-ESSAY: Time for an Investigation: It's time for Republicans and Democrats to seriously look at the warning signs (William Kristol and Robert Kagan, 05/17/2002, Weekly Standard)
    -ESSAY: Back on Track? (Robert Kagan & William Kristol, 04/29/2002,, Weekly Standard)
    -ESSAY: "Senior White House Aides:" Speak Up!: The leak-proof White House is telling reporters--on background--that the administration is souring on Ariel Sharon. Who are these rogues? (William Kristol & Robert Kagan, 04/11/2002 , Weekly Standard)
    -ESSAY: Powell's Disastrous Trip, cont.: It's dangerous waters ahead for the war on terrorism. (William Kristol & Robert Kagan, 04/10/2002 , Weekly Standard)
    -ESSAY: The Detour (Robert Kagan & William Kristol, 04/08/2002, Weekly Standard)
    -ESSAY: Remember the Bush Doctrine: Colin Powell's trip to the Middle East could be either helpful, or a disaster. (William Kristol & Robert Kagan, 04/05/2002 , Weekly Standard)
    -ESSAY: Cheney Trips Up: The vice president's Middle East expedition didn't help the war on terror. (Robert Kagan & William Kristol, 04/01/2002, Weekly Standard)
    -ESSAY: The Bush Era: In his State of the Union address, President Bush fundamentally changed our foreign policy. (William Kristol and Robert Kagan, 02/01/2002 , Weekly Standard)
    -REVIEW: of The Coming Anarchy: Shattering the Dreams of the Post-Cold War by Robert D. Kaplan (Robert Kagan, New Republic)
    -REVIEW: of A World Transformed by George Bush and Brent Scowcroft (Robert Kagan, Commentary Magazine)
    -REVIEW: of The Two Koreas: A Contemporary History by Don Oberdorfer (Robert Kagan, New Republic)
    -REVIEW: of War in a Time of Peace by David Halberstam (Robert Kagan, New Republic)
    -REVIEW: of A Life in the Twentieth Century: Innocent Beginnings, 1917-1950 by Arthur M. Schlesinger, Jr. (Robert Kagan, Commentary Magazine)
    -REVIEW: of Deliver Us From Evil: Peacekeepers, Warlords, and a World of Endless Conflict by William Shawcross (Robert Kagan, Commentary Magazine)
    -REVIEW: of THUNDER FROM THE EAST: Portrait of a Rising Asia. By Nicholas D. Kristof and Sheryl WuDunn (Robert Kagan, NY Times Book Review)
    -REVIEW: of The Future of Freedom: Illiberal Democracy at Home and Abroad by Fareed Zakaria (Robert Kagan, The New Republic)
    -INTERVIEW: Americans are from Mars ... Europeans are from Venus: US political analyst Robert Kagan tells Alan Taylor how divisions over the Iraq issue reflect fundamental change (Sunday Herald, 3/09/03)
    -QUESTIONS FOR ROBERT KAGAN: Europeans Are Sissies (Interview by DEBORAH SOLOMON, February 16, 2003, NY Times Magazine)
    -INTERVIEW: America Is From Mars, Europe Is From Venus (The Big Story with John Gibson, February 07, 2003, FOX News)
    -AUDIO INTERVIEW: America vs. Europe (The Leonard Lopate Show, February 03 2003, WNYC)
    -INTERVIEW: Interview: Robert Kagan and Charles Kupchan Discuss the Relationship Between the U.S. and Europe (Weekend Edition Sunday: February 9, 2003, NPR)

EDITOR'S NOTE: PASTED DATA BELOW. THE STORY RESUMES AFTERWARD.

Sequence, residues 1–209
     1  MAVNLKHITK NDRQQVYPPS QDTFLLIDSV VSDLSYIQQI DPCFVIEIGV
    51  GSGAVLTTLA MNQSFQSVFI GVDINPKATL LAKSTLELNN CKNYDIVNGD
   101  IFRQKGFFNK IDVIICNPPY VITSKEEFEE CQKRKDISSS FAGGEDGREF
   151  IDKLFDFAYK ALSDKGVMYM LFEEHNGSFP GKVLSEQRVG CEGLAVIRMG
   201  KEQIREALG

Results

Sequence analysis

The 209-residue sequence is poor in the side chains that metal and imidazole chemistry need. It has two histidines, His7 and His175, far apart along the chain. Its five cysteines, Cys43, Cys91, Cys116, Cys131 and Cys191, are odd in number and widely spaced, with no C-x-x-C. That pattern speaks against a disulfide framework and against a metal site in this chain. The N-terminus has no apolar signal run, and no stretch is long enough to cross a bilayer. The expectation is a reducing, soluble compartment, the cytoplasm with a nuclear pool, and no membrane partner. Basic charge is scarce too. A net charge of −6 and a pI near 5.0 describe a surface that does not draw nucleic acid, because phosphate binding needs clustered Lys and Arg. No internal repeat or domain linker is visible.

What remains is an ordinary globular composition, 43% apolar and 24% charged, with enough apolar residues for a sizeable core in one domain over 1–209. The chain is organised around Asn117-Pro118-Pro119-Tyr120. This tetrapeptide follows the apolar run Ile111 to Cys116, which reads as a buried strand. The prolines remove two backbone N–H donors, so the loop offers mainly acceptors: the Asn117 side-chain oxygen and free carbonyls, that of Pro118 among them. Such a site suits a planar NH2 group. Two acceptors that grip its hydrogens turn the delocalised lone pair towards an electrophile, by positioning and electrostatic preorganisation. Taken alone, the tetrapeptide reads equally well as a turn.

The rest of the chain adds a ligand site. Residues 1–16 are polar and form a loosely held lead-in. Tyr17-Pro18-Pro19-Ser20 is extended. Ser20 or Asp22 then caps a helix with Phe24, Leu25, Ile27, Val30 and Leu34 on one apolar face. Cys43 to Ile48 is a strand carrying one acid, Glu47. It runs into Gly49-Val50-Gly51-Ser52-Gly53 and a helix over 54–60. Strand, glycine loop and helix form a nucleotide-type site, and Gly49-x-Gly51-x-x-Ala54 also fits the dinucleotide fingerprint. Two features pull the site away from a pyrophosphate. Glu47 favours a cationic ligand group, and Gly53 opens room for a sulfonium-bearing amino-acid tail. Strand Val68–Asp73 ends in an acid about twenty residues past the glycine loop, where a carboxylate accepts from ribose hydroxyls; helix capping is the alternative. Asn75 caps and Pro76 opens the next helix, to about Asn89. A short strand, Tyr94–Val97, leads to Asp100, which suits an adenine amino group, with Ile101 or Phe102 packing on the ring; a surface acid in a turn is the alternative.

-INTERVIEW: Robert Kagan (ADM's Glenn Baker, Center for Defense Information)
    -INTERVIEW: Interview: Robert Kagan and Joseph Nye Weigh the Option of a Military Campaign Against Iraq (Weekend Edition Saturday: September 21, 2002 , NPR)
    -DIALOGUE: Should NATO Send in Ground Troops? (Robert Kagan, March 31, 1999, Slate)
    -ARCHIVES: "robert kagan" (Find Articles)
    -REVIEW: of Of Paradise and Power: America and Europe in the New World Order by Robert Kagan (Serge Schmemann, NY Times)
    -REVIEW: of Of Paradise and Power (James Rubin, NY Observer)
    -REVIEW: of Of Paradise and Power (Lorraine Adams, Washington Post)
    -REVIEW: of Review of Of Paradise and Power (Patrick J. Garrity, Claremont.org)
    -REVIEW: of Of Paradise and Power (Terry Eastland, Jewish World Review)
    -REVIEW: of Of Paradise and Power (J. PEDER ZANE, KnoxNews)
    -REVIEW: of Of Paradise and Power: America and Europe in the New World Order By Robert Kagan (Stephen Holmes, American Prospect)
    -REVIEW: of Of Paradise and Power (PM Nilsson, Expressen (liberal))
    -REVIEW: of A TWILIGHT STRUGGLE American Power and Nicaragua, 1977-1990. By Robert Kagan (Sam Dillon, NY Times Book Review)

Book-related and General Links:
EUROPEAN RELATIONS:
    ESSAY: Battlefield Europe: Fight for EU's future is on, with U.S.-German relations at the middle (Walter Russell Mead, March 30, 2003, LA Times)
    -ESSAY: Au Revoir, Petite France: In one blow, Chirac shattered the U.N., NATO and the EU. (PAUL JOHNSON, March 22, 2003, Wall Street Journal)
    -ESSAY: Europeans Fail to See Changes in American Hearts and Minds (John Zvesper, April 2003, Ashbrook)
    -ESSAY: Bridging the Atlantic Divide (Philip H. Gordon, January/February 2003, Foreign Affairs)
    -ESSAY: Resolves: What Lincoln Knew About War (Paul Berman, 02.21.03, The New Republic)
    -ESSAY: Americans see us as subordinates: anti-European feeling is running high in America--among the left as well as the right (John Lloyd, August 05 2002, New Statesman)
    -ESSAY: American Imperialism Is Not in the U.S. Interest. (Donald J. Devine, David A. Keene, December 25 2000, Insight on the News)
    -ESSAY: Weakness By Design: Europe is in conflict with America largely because it has consciously decided to become weak. (Terry Eastland, 02/12/2003 , Weekly Standard)
    -ESSAY: CHERRY-PICKING: THE US AND EUROPE'S FUTURE: European weakness combined with Gaullist arrogance present the US with a clear
    -ESSAY: TRANSATLANTIC MELTDOWN: IS FRANCE VILLAIN OR HERO?: French leadership in Europe and consistency at the UN over Iraq deserve credit not blame (KIRSTY HUGHES, Open Democracy)
    -REVIEW: of The Struggle for Europe: The Turbulent History of a Divided Continent' by William I. Hitchcock (William Drozdiak, Washington Post)
    -REVIEW: of France on the Brink By Jonathan Fenby ( Laurent Cartayrade, Washington Post)